WASHINGTON — With the Biden administration days away from issuing its opinion on whether Israel is violating international and U.S. law in Gaza, the lawmaker who pushed for a State Department probe of that question doubts he’ll get an honest answer.

Starting in December, Sen. Chris Van Hollen (D-Md.) rallied 19 senators to support legislation demanding assurances that all countries receiving American weaponry — including Israel — are complying with international and U.S. statutes barring violence against civilians and efforts to block humanitarian aid. In response, President Joe Biden in February issued a new policy known as NSM-20, which required federal agencies to send a report to Congress on Israel’s conduct during its Gaza operation by May 8.

The report poses a test for the White House: Will it acknowledge the alarming actions taken by its ally, strengthening calls for the U.S. to reassess its support for Israel, or will the administration risk embarrassment and outrage by misrepresenting Israeli behavior?

The administration appears to be split. The U.S. Agency for International Development and several State Department bureaus believe the administration cannot credibly say Israel is respecting either international law or the U.S. laws that require recipients of American military support to allow the free flow of U.S. humanitarian aid, according to Reuters and Devex — raising the prospect that Biden would have to withdraw military assistance. But the State Department team leading the report side-stepped the question of whether violations are occurring and instead emphasized the risks of cutting off support for Israel, per Reuters.

Meanwhile, other top State Department officials, like U.S. Ambassador to Israel Jack Lew, are internally endorsing Israel’s promises to abide by the law, despite broad skepticism of those claims from outside analysts, as HuffPost revealed in March.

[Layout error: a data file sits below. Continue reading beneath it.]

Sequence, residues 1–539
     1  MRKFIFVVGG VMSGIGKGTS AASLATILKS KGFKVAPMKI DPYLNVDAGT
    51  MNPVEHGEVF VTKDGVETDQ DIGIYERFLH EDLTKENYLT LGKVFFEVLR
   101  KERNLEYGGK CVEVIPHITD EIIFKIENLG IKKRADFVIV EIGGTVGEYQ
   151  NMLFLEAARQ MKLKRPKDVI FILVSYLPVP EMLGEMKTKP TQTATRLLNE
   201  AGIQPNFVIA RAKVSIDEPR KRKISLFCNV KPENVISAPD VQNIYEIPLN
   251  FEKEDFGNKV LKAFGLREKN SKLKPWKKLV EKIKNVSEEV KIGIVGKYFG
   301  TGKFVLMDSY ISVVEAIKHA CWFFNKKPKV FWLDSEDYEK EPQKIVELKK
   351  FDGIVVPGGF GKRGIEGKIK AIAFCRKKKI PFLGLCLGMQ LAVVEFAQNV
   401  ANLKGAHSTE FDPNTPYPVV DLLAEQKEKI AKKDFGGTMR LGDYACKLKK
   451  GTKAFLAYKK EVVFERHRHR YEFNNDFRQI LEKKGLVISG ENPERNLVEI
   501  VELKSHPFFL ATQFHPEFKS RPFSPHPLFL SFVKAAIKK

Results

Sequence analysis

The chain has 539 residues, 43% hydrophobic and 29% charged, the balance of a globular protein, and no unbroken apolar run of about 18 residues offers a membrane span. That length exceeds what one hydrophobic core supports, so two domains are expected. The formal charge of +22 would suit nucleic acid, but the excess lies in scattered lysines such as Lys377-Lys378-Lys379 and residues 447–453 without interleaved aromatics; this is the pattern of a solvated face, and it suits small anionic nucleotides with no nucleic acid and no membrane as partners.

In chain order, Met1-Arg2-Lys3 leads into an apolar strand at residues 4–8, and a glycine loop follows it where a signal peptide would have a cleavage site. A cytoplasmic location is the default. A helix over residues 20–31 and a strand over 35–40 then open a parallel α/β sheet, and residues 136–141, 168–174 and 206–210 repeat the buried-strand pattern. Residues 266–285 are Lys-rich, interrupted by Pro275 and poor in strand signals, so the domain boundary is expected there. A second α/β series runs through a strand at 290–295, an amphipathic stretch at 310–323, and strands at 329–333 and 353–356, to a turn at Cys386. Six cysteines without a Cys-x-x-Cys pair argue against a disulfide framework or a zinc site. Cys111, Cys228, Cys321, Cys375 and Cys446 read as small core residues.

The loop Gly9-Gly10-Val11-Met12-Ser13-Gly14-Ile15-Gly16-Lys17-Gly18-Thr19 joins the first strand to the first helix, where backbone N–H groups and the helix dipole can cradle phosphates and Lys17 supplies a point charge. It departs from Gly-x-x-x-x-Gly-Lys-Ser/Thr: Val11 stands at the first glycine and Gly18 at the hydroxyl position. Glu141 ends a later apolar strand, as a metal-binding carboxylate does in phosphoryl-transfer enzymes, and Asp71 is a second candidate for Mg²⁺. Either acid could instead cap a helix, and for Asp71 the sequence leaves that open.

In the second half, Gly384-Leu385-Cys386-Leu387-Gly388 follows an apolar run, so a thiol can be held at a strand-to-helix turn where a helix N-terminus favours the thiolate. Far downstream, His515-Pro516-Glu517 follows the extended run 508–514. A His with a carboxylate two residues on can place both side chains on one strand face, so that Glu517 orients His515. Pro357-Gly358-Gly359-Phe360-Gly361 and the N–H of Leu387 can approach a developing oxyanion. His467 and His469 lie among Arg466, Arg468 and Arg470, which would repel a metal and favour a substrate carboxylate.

Van Hollen said he’s alarmed by the disclosures about the administration’s handling of the report.

“The credibility of the U.S. government depends on it being honest and based in fact and law,” the Biden ally told HuffPost in a Thursday interview.

So far, Van Hollen said, “the reporting on the internal dynamics at the State Department clearly indicated that those who were most expert in applying the facts and the law were ignored and overlooked by those pushing a particular policy agenda.”

Together, the recent developments represent “a big warning sign, like a big flare,” with respect to the upcoming report, Van Hollen said.

The senator spoke approvingly of an alternative assessment of Israel’s actions that is already public: an independent analysis performed by an ad-hoc group of outside experts that investigated scores of examples of Israeli military actions in Gaza — incidents which, the authors said, violated international law and U.S. directives in “a clear pattern.”

Van Hollen called that assessment “a very important yardstick against which to compare what the Biden administration comes out with.” He told HuffPost he asked five of its authors to brief senators on Wednesday in a previously unreported private meeting.

“We had a total of 13 members — that’s more members than you get for a regular hearing in the United States Senate. So I think it was an expression of the depth of concern,” the senator said.

The assessment’s authors in attendance included former State Department official Josh Paul, who quit over Biden’s policy in a development first reported by HuffPost, and prominent Palestinian American attorney Noura Erakat.